COMMUNITY FORUM

VGone

04:37PM | 12/09/03
Member Since: 02/04/03
13 lifetime posts
Bvhvac
I have a question about furnace and overall heating system.
We have washer/dryer(vented outside), gas water heater, forced air gas furnace(combustion intake inside basement, exhaust outside) and water softner in our unfinihsed basement. There is no supply duct in basement. However, it feels quite warm in basement, almost as warm as house, even when there is 30 degree outside. So we are planning to insulate the basement ceiling. The question is, will insulating ceiling affect the furnace functioning? I am trying to find out why it feels so warm and cozy in basement when we don't need that at all! (we dont want to pay for it!) Is it because basement needs fresh air since combustion intake is insise? Could it be because of leaky supply/return ducts?
Thanks for your time.
regards,
-vc


plumber Tom

02:07AM | 12/10/03
Member Since: 05/10/03
810 lifetime posts
Normally basement ceilings don't have a need for insulation. it's more of a soundproofing issue. I'm confused when u say, "WE don't have a supply duct in the basement" Where is the supply duct? Normally the fresh-air intake is taken from the outside, but it's more of a short-cut installers take. Building code would take precedence over that issue, but I have seen intake air taken from the basement. If you insulated the ceiling, your home might then be classified as unusually tight construction. The last thing you would want to happen is starve the furnace of fresh air.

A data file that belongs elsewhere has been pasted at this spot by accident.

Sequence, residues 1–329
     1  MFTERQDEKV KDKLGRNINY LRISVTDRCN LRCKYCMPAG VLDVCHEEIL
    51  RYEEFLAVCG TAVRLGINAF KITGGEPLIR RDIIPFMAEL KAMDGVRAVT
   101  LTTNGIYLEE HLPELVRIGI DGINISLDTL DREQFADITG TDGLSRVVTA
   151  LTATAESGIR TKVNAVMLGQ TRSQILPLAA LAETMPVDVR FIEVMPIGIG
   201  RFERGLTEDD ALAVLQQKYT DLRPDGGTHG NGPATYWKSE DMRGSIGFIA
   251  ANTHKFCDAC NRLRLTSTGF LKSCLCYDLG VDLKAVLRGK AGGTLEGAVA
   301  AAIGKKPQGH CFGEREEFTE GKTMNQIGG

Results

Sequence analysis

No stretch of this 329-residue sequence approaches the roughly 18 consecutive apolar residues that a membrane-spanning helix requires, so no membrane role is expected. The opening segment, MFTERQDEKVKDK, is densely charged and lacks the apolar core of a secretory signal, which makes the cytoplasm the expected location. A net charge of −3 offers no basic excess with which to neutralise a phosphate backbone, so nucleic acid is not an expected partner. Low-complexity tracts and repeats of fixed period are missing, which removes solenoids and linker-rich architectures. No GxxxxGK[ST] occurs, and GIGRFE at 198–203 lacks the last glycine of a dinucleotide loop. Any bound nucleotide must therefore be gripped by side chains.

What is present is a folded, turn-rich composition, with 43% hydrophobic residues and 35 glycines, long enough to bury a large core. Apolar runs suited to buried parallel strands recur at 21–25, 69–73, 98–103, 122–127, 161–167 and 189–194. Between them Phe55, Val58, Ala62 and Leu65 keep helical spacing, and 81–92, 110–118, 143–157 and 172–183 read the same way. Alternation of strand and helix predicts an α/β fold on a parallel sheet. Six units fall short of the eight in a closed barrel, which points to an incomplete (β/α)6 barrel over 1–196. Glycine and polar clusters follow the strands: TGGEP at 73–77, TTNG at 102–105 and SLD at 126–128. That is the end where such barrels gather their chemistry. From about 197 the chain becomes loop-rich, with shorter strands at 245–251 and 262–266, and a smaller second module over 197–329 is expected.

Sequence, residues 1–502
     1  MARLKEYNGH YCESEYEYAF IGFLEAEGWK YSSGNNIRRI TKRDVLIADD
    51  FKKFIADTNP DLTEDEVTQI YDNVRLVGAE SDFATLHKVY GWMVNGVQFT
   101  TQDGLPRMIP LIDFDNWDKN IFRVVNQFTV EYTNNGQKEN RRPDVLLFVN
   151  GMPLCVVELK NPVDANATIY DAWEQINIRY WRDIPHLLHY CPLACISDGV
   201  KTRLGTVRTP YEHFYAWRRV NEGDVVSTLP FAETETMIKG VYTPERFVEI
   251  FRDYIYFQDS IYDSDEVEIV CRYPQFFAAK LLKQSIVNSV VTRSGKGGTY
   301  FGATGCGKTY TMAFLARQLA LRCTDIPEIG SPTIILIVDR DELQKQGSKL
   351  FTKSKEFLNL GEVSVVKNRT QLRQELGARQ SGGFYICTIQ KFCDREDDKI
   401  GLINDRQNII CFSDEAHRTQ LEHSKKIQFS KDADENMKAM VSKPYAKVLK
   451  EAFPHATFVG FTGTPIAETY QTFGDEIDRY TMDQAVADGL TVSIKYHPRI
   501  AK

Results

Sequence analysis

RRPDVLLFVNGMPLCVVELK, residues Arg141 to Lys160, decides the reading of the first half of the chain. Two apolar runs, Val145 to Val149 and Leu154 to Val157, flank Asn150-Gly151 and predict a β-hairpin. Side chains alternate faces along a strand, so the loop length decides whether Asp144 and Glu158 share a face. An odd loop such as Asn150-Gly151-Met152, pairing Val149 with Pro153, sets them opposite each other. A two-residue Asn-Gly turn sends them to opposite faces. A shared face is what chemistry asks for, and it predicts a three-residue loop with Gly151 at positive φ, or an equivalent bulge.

VGone

02:34AM | 12/10/03
Member Since: 02/04/03
13 lifetime posts
Thanks Tom. Some clarification is due. When I said ""We don't have a supply duct in the basement" that meant "There isn't any supply air grill registers in basement to provide heating and cooling". The fresh air intake is tied with return line at ceiling which go to furncae for reheat and distribution. However, the combution air intake is not at outside.
-vc

R Man

12:12PM | 12/10/03
Member Since: 12/09/03
7 lifetime posts
VGone,

I have a similar system in my basement. The furnace draws ambiant air from the basement and there are no supply vents in the basement, yet it isn't cold down there.

If your furnace is like mine, there is warm air being blown out the top of the heating unit. You can feel it when it's running.

If you have a relatively new house, the basement will be well insulated. I have a walk-out with windows and glass french doors and it still stays warm, even with the blinds blocking the sunlight.

However, I think you may have a problem if you finish the basement. You will probably end up isolating the furnace from the living space, thus eliminating what little heat is blowing out of the top of the furnace. In that case you will have to tap into the existing ducts with small diffusers to bring heat into the finished space. It's not a big deal, but it will reduce conditioned air pressure upstairs. That's why the basement vents must be either small or adjustable or both. Your furnace is sized for the first floor, not both floors.